In addition to electricians and plumbers, Wetch's clients include the unions representing utility workers, sheet metal fabricators and people employed in the forest products industry.
His success also has won over business clients, including the Assn. of California Insurance Cos., lottery equipment maker GTech Corp. and Diageo, the big alcoholic beverage company. Wetch also has lobbied for developer Ed Roski Jr., who is trying to build a football stadium in Los Angeles County.
Blunt, even intimidating, Wetch makes no apologies for what he calls a "tenacious" lobbying style. "If it's a bad bill," he said, "I'm going to go up and say it's a bad bill."
That attitude helped him persuade lawmakers to kill a 2010 bill that would have let cement, steel and other energy-hungry factories produce some of their own solar or wind power, saving the plants money and allowing them to sell excess power back to the power grid.
Heavy industries and environmentalists backed the measure. But the bill threatened the jobs of IBEW and Utility Workers Union of America members. Wetch denounced the legislation as a "ratepayer subsidy to big polluters."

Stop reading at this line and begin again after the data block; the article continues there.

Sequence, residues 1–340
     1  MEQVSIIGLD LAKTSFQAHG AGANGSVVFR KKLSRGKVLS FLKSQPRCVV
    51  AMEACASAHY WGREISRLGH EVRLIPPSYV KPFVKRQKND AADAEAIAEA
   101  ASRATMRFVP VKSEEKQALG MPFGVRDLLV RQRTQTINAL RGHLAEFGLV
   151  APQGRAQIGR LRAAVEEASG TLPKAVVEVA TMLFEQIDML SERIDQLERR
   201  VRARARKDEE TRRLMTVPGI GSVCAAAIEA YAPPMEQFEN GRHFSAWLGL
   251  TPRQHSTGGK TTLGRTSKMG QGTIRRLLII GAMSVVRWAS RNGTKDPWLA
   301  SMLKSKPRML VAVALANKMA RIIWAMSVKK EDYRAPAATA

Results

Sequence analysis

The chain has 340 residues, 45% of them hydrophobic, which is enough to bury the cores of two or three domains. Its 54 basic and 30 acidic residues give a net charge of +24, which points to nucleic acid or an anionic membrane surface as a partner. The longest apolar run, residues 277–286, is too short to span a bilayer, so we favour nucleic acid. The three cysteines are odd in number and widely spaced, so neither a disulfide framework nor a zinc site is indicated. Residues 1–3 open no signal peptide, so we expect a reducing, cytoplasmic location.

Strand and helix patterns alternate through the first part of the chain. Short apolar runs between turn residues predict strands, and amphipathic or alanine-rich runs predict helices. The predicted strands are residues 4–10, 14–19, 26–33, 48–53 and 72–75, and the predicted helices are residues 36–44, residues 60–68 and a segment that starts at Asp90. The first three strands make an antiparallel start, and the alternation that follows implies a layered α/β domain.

Barbara Barkovich, a consultant for one of the bill's backers, the California Large Energy Consumers Assn., accused Wetch of misrepresenting the measure. At a Senate energy committee hearing, both sides were told to go out to the hallway and work out a compromise.
Wetch didn't budge, knowing he had the votes.
"He was clearly not interested in trying to work something out," recalled Barkovich. "He had a very negative attitude."
Last year, Wetch employed that same talent when he plunged into a personal fight with the California Nurses Assn. and other unions.
The nurses, along with the California Teachers Assn. and others, opposed legislation that would allow specially trained public school staff members, in an emergency, to administer a suppository drug to a child having an epileptic seizure. They argued that it was unsafe for school principals or bus drivers to get involved when no school nurse was available.
Wetch said he was especially interested in the bill because his 7-year-old daughter suffers from grand mal seizures. He got permission from his labor clients to jump into the fray.
"I figured the bill wasn't going to go anywhere if I didn't get involved," he said.
The nurses were livid. They accused Wetch of using his clients' substantial political influence to lobby for the bill, demonizing the nurses' union in the process.
But the Legislature passed the measure, and Gov. Jerry Brown signed it into law. The bill's author, Sen. Bob Huff (R-Diamond Bar), said Wetch made the difference.
"We might not have experienced this kind of success without him," he said.